Key Message Update

Food security Crisis continues in northeast Nigeria despite new harvests

November 2015
2015-Q4-1-1-NG-en

IPC 2.0 Acute Food Insecurity Phase

1: Minimal
2: Stressed
3: Crisis
4: Emergency
5: Famine
Concentration of displaced people
Would likely be at least one phase worse without current or programmed humanitarian assistance
FEWS NET classification is IPC-compatible. IPC-compatible analysis follows key IPC protocols but does not necessarily reflect the consensus of national food security partners.

IPC 2.0 Acute Food Insecurity Phase

1: Minimal
2: Stressed
3+: Crisis or higher
Would likely be at least one phase worse without
current or programmed humanitarian assistance
FEWS NET classification is IPC-compatible. IPC-compatible analysis follows key IPC protocols but does not necessarily reflect the consensus of national food security partners.
FEWS NET Remote Monitoring countries use a colored outline to represent the highest IPC classification in areas of concern.

IPC 2.0 Acute Food Insecurity Phase

Presence countries:
1: Minimal
2: Stressed
3: Crisis
4: Emergency
5: Famine
Concentration of displaced people
Remote monitoring
countries:
1: Minimal
2: Stressed
3+: Crisis or higher
Would likely be at least one phase worse without
current or programmed humanitarian assistance
FEWS NET Remote Monitoring countries use a colored outline to represent the highest IPC classification in areas of concern.

Key Messages

  • In addition to leading to loss of life, ongoing conflict in northeast Nigeria continues to restrict livelihoods, contribute to restricted market activity, and cause significant, continuing displacement. Rural, resident households in areas worst-affected by conflict and IDPs in informal settlements continue to be the populations most impacted by the food security situation.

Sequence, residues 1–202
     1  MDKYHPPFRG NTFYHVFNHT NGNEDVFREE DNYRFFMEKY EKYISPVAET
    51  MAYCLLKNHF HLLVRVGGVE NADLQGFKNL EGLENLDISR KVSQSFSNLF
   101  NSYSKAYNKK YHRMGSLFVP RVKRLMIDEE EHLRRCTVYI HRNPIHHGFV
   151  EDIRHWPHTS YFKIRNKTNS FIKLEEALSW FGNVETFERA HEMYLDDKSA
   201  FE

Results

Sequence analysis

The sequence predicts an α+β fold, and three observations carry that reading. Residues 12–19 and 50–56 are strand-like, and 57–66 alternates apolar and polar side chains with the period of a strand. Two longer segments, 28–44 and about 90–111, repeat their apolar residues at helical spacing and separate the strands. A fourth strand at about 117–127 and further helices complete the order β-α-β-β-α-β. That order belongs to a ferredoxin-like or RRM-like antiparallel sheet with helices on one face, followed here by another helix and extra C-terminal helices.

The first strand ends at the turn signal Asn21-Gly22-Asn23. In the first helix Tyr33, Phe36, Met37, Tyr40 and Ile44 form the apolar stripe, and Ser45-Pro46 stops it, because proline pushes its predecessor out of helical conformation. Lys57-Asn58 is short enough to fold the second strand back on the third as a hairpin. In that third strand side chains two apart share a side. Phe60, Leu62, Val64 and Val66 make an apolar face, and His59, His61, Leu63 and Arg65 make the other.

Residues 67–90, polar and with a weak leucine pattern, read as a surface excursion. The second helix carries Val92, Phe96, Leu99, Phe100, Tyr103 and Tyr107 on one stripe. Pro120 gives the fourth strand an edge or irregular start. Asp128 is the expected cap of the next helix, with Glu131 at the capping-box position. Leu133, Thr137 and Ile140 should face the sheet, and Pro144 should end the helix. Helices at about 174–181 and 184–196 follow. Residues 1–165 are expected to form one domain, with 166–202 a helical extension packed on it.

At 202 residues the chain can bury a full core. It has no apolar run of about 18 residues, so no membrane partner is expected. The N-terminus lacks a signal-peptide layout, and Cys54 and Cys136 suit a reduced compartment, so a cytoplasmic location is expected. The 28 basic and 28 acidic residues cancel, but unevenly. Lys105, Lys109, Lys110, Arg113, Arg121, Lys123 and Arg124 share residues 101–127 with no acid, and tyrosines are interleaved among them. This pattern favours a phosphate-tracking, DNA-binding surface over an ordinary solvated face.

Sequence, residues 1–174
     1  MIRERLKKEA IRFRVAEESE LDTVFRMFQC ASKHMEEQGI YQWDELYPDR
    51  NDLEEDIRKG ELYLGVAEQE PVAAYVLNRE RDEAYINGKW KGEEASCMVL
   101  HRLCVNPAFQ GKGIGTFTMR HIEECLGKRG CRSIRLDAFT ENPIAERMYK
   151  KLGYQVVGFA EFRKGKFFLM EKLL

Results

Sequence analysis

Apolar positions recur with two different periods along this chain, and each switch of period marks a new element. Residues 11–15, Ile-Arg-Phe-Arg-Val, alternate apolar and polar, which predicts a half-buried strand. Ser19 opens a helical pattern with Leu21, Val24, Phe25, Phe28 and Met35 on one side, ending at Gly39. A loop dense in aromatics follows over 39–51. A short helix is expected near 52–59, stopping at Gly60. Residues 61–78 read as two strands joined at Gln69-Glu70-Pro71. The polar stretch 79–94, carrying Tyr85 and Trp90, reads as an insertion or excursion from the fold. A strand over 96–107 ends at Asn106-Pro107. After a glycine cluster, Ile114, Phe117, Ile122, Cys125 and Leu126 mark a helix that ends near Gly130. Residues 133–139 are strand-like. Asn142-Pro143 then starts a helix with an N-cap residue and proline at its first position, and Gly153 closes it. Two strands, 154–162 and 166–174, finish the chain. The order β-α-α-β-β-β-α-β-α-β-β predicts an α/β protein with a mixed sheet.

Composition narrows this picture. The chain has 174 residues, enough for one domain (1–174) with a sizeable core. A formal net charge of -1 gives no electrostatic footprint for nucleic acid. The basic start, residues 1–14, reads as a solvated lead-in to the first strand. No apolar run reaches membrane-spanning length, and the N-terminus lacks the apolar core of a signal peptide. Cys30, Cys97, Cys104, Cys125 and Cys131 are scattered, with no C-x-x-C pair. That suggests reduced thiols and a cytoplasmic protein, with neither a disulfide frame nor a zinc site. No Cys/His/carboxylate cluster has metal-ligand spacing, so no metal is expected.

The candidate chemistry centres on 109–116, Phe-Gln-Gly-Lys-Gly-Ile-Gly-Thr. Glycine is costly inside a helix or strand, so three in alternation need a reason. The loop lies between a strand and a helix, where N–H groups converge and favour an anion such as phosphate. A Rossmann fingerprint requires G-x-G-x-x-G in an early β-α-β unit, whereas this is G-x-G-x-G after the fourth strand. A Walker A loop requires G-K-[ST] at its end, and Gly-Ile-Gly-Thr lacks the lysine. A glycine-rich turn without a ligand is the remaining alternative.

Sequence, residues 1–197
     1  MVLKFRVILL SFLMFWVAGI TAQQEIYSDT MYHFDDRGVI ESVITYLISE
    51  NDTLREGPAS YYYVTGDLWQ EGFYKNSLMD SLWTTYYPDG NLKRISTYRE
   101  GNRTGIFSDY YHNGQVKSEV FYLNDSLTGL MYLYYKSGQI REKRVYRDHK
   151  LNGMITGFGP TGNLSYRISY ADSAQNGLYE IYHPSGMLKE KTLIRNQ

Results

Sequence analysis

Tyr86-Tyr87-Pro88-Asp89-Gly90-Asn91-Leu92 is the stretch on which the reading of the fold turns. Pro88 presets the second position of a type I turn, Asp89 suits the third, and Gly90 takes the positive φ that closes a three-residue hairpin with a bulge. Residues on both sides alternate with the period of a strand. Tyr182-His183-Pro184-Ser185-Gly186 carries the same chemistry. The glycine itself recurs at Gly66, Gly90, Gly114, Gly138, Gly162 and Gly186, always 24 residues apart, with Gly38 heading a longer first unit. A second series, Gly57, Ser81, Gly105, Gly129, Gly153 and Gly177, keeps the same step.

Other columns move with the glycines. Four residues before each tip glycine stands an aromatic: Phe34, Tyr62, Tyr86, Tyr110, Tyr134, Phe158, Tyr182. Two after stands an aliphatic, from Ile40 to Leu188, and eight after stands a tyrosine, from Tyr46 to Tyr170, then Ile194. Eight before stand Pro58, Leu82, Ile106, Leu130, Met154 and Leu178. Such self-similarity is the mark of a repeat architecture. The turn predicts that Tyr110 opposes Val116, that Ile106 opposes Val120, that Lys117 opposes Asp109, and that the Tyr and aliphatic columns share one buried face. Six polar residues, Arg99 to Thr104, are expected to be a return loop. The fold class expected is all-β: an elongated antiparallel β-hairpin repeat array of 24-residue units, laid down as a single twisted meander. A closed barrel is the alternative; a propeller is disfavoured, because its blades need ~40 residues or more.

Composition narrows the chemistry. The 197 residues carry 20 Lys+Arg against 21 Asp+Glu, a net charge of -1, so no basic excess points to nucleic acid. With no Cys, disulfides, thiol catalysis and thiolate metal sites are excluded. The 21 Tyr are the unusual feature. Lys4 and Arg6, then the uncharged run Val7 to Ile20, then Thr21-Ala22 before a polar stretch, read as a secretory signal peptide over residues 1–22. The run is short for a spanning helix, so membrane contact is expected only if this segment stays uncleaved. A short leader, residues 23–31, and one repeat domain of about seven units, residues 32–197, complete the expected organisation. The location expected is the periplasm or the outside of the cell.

• Although ongoing harvests between October and December 2015 are expected improve food availability and access, production is expected to once again this year be well below average in northeast Nigeria. Parts of western Yobe, northern Adamawa, much of Borno, as well as informal IDP settlement areas in greater Maiduguri, will remain in Crisis (IPC Phase 3) between now and March 2016.

  • Households in localized areas across the country (in parts of Adamawa, Yobe, Bauchi, Kaduna, Jigawa, Kebbi and Niger States) affected by heaving flooding during the main season are harvesting below-average production for both staple and cash crops. Affected households in these areas will likely resort to market purchase earlier than usual this consumption year as own production stocks will not carry them as far as they typically would.

  • For much of the rest of Nigeria, main season harvests are underway with generally average production expected, contributing positively to household and markets stocks. Between now and March 2016, agricultural households will generally consume own-production stocks, while other households will have good market access as prices are expected to remain average to below average. As such, much of Nigeria will remain in Minimal (IPC Phase 1) acute food insecurity between November 2015 and March 2016.

     

    For more detailed analysis, see the Food Security Outlook for October.

About FEWS NET

The Famine Early Warning Systems Network is a leading provider of early warning and analysis on food insecurity. Created by USAID in 1985 to help decision-makers plan for humanitarian crises, FEWS NET provides evidence-based analysis on approximately 30 countries. Implementing team members include NASA, NOAA, USDA, USGS, and CHC-UCSB, along with Chemonics International Inc. and Kimetrica.
Learn more About Us.

Link to United States Agency for International Development (USAID)Link to the United States Geological Survey's (USGS) FEWS NET Data PortalLink to U.S. Department of Agriculture (USDA)
Link to National Aeronautics and Space Administration's (NASA) Earth ObservatoryLink to the National Oceanic and Atmospheric Administration's (NOAA) National Weather Service, Climage Prediction CenterLink to the Climate Hazards Center - UC Santa BarbaraLink to KimetricaLink to Chemonics